Now make us a king to judge us like all the nations. (1 Samuel 8:5)
There are few words that conjure a succession of images in the mind, each more grotesque than the previous, than the word aristocracy. Some picture the wanton gluttony of the French monarchy or the terminal incompetence of the Russian Czars. It is interesting to note that while many today (but certainly not all) conflate aristocracy with monarchy, the ancients did not. Aristotle drew a distinction between the two in Politics and argued that while monarchy was ideally the best form of government, it also ran the risk of becoming the most despotic (Tyranny). He then argued that Aristocracy (rule of the qualified few) was ideal in practice if the ruling aristocrats (by no means hereditary) strove for the good of all. If they instead pursued their own interests at the expense of society, the regime became an oligarchy, not unlike the US and Canada today.
Aristocrats do not solely wield political power, they might also wield cultural power which is far more enduring. The Catholic church is a good example of this sort of “aristocracy”. While the founding fathers of the US were hostile to the idea of any ruling class based on lineage, they could not stamp out the local home grown aristocracy. But there is a vast difference between the aristocracy of the old and new. Today we have uncultured elites like the Gates and buffoons like Donald Trump. Modern elites vividly illustrate the caricature of the scheming oligarchy that Aristotle warned about. The old elites certainly pursued their interests with unwavering zeal but unlike modern elites, they also acted as the stewards of society. The idea of an aristocratic class wielding cultural power for the good of society has been expressed by a diverse set of societies throughout history. The Confucians strongly believed that the ruling class must lead by virtue and not force. Confucius believed that adhering to rituals was one way through which elites could act as the keepers of culture.
The old American elites functioned within this same capacity. Henry Ford believed that men should take pride in what they create. He famously stated that “Work is our sanity, our self respect, and our salvation”. Ford’s old fashioned views regarding work hearken back to the protestant work ethic. He passionately believed that work wasn’t just an economic activity but a moral one as well. He respected labour and paid his workers a wage that was well above the industry average at the time. Ford was anti-communist and I suspect his regard for labour stemmed from his anti-communist impulses. If industrialists like Ford refused to care for their workers the latter would then turn to the bloated nanny state for assistance. Ford also prophetically warned society about Jewish subversion whereas today’s elites are more than happy to throw their fellow whites under the bus by co-operating with Jewry. Ford was the quintessential American aristocrat: a wealthy industrialist that took it upon himself to not only contribute to the economy, but to the moral health of society.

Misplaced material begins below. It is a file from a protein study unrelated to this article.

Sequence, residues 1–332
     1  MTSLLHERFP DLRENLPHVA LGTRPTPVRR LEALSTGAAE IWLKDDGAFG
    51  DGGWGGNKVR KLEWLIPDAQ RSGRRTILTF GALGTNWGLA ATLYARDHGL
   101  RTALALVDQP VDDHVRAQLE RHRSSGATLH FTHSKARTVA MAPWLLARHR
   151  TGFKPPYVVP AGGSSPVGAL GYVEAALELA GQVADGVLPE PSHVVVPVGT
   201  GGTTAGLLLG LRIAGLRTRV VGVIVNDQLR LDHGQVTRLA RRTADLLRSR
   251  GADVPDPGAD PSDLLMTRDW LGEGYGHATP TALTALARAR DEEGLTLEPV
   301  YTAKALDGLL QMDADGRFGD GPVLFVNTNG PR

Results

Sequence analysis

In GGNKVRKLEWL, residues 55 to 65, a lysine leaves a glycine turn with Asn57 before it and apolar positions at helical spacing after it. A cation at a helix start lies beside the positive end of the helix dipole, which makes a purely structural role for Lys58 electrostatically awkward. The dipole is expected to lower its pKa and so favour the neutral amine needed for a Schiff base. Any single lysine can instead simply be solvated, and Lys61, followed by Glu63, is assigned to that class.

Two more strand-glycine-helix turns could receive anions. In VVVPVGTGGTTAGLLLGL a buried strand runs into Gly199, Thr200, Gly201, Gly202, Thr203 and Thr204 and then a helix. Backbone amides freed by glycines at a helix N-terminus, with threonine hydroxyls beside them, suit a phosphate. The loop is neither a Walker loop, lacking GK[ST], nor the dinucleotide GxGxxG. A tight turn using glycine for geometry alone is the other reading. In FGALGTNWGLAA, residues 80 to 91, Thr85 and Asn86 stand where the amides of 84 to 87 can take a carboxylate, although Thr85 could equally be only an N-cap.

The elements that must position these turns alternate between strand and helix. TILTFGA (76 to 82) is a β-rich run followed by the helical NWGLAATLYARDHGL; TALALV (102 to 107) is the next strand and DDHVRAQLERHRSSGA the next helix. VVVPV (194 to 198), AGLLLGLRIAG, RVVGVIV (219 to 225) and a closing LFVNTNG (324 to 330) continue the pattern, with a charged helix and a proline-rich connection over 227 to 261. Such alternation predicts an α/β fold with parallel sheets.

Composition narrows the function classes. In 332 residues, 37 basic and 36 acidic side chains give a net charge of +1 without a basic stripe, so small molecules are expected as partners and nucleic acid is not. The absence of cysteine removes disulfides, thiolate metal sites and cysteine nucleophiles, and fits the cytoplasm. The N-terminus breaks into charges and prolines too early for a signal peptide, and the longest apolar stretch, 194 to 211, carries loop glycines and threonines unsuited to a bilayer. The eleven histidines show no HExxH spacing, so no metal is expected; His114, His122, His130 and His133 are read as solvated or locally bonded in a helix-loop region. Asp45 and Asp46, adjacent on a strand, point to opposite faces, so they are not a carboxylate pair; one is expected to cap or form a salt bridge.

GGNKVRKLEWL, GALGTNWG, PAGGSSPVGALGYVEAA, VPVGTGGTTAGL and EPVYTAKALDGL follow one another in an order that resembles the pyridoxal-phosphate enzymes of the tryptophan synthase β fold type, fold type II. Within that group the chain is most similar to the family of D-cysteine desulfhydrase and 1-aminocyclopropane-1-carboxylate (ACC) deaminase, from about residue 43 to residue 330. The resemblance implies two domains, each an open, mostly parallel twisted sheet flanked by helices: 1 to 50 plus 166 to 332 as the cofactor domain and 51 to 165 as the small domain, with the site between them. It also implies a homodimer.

Ford was certainly not alone in thinking this way. Andrew Carnegie ardently believed that wealth should be used for the betterment of society and built numerous public libraries to that end. He gave away $350 million (over $3 billion today) to philanthropy and believed that wealthy men who neglected their duty to help the unsuccessful died in disgrace. Interestingly enough, after the death of these great men their empires began to serve a subversive agenda. The Ford foundation began funding women’s studies departments throughout US universities and the Carnegies and Rockerfellers did so likewise. These elites understood that feminism paved the way for an intrusive totalitarian nanny state that would usurp the masculine function and provide women with resources they wouldn’t have access to in a meritocratic society. It would also provide them with cheap labour and a subservient class dependent on socialist handouts. Sam Francis said it best:
What paleoconservatism tries to tell Americans is that the dominant forces in their society are no longer committed to conserving the traditions, institutions, and values that created and formed it, and, therefore, that those who are really conservative in any serious sense and wish to live under those traditions, institutions, and values need to oppose the dominant forces and form new ones.
Francis succinctly diagnosed the malaise that currently afflicts American and Canadian society. Far from defending the traditional values that have made the US and Canada the greatest nations in the world, today’s elites (like Warren Buffett) spend their wealth funding abortions and other deviant leftist causes. If women weren’t half as solipsistic they would ponder the paradox of corporate elites (whom they are trained to despise) funding their joke of a social movement. But I’ll leave that for another post.
It is noteworthy that neither Confucius nor Aristotle were aristocrats yet argued in favour of a responsible aristocratic class. I conclude this post with more questions than solutions. How would we remove the current parasitic aristocracy in order to replace them with a more responsible one? What should this new aristocracy look like? What character traits should this new class of cultural elites possess? Do America and Canada still possess the cultural fuel required to produce men of character and integrity? I do not pretend to have the answers and I welcome your feedback.